Nonsteroidal anti-inflammatory drugs (NSAIDs) are also capable of injuring the liver. That may be why your doctor asked you to refrain from drugs like ibuprofen (Advil, Motrin IB) or naproxen (Aleve).

Dozens of other medications have also been linked to hepatic damage. They include methotrexate, prescribed for psoriasis as well as cancer and rheumatoid arthritis. Antifungal medicines like ketoconazole and terbinafine can also raise liver enzymes. So can statins to lower cholesterol, along with many blood pressure medications and antidepressants.

Some Other Drugs That May Affect the Liver:

  • Amoxicillin (Amoxil)
  • Amoxicillin + clavulanate (Augmentin)
  • Atorvastatin (Lipitor)
  • Bortezomib (Velcade)
  • Candesartan (Atacand)
  • Captopril (Capoten)
  • Cefuroxime (Ceftin)
  • Ciprofloxacin (Cipro)
  • Clarithromycin (Biaxin)
  • Clopidogrel (Plavix)
  • Dexmethylphenidate (Focalin)
  • Divalproex (Depakote)
  • Emtricitabine + tenofovir (Truvada)
  • Erythromycin ethylsuccinate (E.E.S.)
  • Esomeprazole (Nexium)
  • Ezetimibe + simvastatin (Vytorin)
  • Fluoxetine (Prozac)
  • HCTZ + triamterene (Dyazide)
  • Imiquimod (Aldara cream)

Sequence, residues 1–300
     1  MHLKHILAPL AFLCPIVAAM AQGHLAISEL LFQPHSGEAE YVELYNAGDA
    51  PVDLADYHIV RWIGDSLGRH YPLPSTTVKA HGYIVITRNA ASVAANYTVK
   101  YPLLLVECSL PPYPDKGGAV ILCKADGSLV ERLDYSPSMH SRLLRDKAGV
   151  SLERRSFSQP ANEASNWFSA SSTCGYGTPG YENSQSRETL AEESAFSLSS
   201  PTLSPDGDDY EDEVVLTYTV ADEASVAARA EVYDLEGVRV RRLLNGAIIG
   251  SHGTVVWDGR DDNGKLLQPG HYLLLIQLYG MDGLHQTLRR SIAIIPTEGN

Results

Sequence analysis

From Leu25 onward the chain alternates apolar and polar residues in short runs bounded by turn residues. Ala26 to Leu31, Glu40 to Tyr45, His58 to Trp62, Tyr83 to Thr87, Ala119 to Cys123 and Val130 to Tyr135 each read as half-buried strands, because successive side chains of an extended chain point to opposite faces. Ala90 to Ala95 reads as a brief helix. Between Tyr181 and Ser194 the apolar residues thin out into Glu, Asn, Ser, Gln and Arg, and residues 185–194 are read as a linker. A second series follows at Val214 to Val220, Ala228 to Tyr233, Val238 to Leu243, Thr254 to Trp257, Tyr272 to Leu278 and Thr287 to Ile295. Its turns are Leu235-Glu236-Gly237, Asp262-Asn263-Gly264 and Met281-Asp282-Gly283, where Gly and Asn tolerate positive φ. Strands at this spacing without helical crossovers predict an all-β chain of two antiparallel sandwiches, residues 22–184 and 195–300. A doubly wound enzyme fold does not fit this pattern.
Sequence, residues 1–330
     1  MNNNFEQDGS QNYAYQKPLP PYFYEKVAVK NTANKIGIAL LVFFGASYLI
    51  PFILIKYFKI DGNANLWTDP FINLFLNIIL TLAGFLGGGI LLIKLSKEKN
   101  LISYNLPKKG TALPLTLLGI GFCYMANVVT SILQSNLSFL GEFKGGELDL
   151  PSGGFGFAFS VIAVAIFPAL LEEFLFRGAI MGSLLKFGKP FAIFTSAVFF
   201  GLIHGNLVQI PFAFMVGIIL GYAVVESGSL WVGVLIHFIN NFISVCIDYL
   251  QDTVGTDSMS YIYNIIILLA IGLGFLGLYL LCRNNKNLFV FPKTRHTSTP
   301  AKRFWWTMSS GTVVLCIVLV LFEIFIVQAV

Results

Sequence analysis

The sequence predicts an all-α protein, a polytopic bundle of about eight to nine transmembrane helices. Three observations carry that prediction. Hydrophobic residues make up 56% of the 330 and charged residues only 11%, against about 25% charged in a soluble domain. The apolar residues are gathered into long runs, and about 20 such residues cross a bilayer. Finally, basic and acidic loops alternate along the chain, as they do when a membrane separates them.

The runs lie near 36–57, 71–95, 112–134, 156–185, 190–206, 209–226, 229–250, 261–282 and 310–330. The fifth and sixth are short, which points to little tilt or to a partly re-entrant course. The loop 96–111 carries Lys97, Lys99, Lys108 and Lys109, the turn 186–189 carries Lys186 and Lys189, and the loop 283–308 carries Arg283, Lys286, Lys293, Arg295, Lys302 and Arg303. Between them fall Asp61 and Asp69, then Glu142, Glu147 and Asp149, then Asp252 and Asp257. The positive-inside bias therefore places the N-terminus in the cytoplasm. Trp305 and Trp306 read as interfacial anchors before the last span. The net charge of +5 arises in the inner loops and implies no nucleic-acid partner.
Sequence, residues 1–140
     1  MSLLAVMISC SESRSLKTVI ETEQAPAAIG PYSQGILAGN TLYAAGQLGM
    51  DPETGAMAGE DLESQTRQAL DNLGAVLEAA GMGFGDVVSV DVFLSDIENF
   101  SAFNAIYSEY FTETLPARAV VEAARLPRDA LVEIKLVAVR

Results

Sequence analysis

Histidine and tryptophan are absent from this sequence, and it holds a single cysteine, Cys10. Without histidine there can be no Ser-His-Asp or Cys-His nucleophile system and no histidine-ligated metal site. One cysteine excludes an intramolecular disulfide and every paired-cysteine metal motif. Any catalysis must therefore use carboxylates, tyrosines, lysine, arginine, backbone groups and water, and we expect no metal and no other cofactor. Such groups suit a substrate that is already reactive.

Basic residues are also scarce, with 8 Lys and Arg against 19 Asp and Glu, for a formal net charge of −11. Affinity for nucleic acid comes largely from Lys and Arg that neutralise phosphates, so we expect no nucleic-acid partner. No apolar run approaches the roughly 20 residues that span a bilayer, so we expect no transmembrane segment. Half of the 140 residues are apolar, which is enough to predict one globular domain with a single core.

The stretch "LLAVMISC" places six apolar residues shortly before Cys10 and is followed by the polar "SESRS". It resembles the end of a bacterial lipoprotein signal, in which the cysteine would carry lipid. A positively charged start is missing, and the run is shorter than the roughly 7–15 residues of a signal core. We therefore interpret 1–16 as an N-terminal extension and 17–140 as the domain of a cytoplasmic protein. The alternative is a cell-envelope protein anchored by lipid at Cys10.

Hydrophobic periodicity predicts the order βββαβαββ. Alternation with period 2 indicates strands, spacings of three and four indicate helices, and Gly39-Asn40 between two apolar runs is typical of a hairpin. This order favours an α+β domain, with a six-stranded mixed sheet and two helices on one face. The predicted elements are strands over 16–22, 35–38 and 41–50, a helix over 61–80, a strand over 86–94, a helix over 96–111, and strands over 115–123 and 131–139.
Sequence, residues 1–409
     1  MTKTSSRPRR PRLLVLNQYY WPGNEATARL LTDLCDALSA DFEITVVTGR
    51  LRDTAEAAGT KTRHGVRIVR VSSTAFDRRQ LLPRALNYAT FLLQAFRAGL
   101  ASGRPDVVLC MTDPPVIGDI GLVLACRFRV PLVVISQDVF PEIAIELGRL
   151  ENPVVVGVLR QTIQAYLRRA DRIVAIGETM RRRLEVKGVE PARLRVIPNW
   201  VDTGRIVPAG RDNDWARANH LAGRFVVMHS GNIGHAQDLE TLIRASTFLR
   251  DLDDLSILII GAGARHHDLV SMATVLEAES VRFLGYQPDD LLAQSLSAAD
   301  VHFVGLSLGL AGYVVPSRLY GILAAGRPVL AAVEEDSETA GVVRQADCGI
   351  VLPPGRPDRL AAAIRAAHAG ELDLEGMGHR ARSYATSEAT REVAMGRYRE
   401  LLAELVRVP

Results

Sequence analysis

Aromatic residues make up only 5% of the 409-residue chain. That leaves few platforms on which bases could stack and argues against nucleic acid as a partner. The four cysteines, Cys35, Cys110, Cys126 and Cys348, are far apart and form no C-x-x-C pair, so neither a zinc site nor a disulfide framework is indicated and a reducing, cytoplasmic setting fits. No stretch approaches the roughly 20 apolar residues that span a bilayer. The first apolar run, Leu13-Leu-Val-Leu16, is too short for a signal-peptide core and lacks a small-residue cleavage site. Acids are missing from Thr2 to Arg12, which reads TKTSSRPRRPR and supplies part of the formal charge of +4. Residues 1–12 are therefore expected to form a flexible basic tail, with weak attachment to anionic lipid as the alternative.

• Infliximab (Remicade)
  • Interferon gamma-1b (Actimmune)
  • Lamivudine (Epivir)
  • Lamotrigine (Lamictal)
  • Levetiracetam (Keppra)
  • Levofloxacin (Levaquin)
  • Memantine (Namenda)
  • Modafinil (Provigil)
  • Naproxen (Anaprox)
  • Naproxen (Naprosyn)
  • Naratriptan (Amerge)
  • Nebivolol (Bystolic)
  • Olanzapine (Zyprexa)
  • Omeprazole (Prilosec)
  • Ondansetron (Zofran)
  • Pantoprazole (Protonix)
  • Paroxetine (Paxil)
  • Pioglitazone (Actos)
  • Ranitidine (Zantac)
  • Ritonavir (Norvir)
  • Rosiglitazone (Avandia)
  • Rosuvastatin (Crestor)
  • Simvastatin (Zocor)
  • Sulindac (Clinoril)
  • Sumatriptan (Imitrex)
  • Tacrolimus (Protopic)
  • Telmisartan (Micardis)
  • Valsartan (Diovan)
  • Venlafaxine (Effexor)
  • Zolmitriptan (Zomig)
  • Zolpidem (Ambien)

A Word of Caution:

Just because a medication has the potential to raise liver enzymes or affect liver function does not mean it should be discontinued. NEVER stop any medication without medical supervision. Some of the drugs listed above are essential for survival. But if you are taking one of these medications, you may want to make sure your health care provider is monitoring hepatic function periodically to avoid complications.

Watch Out for PPIs:

You will note that the proton pump inhibitors esomeprazole and omeprazole appear in the list above. Other PPI acid-suppressing drugs should probably also be included. Researchers report that PPI use changes the microbial ecology of the digestive tract (Llorente et al, Nature Communications, online Oct. 16, 2017). The resulting overgrowth of Enterococcus puts the liver at risk for chronic inflammation and disease, especially in the presence of alcohol. Heavy drinkers who took PPIs had a 20 percent risk of developing alcoholic liver disease in ten years, compared to a 12 percent risk for alcohol abusers not taking PPIs.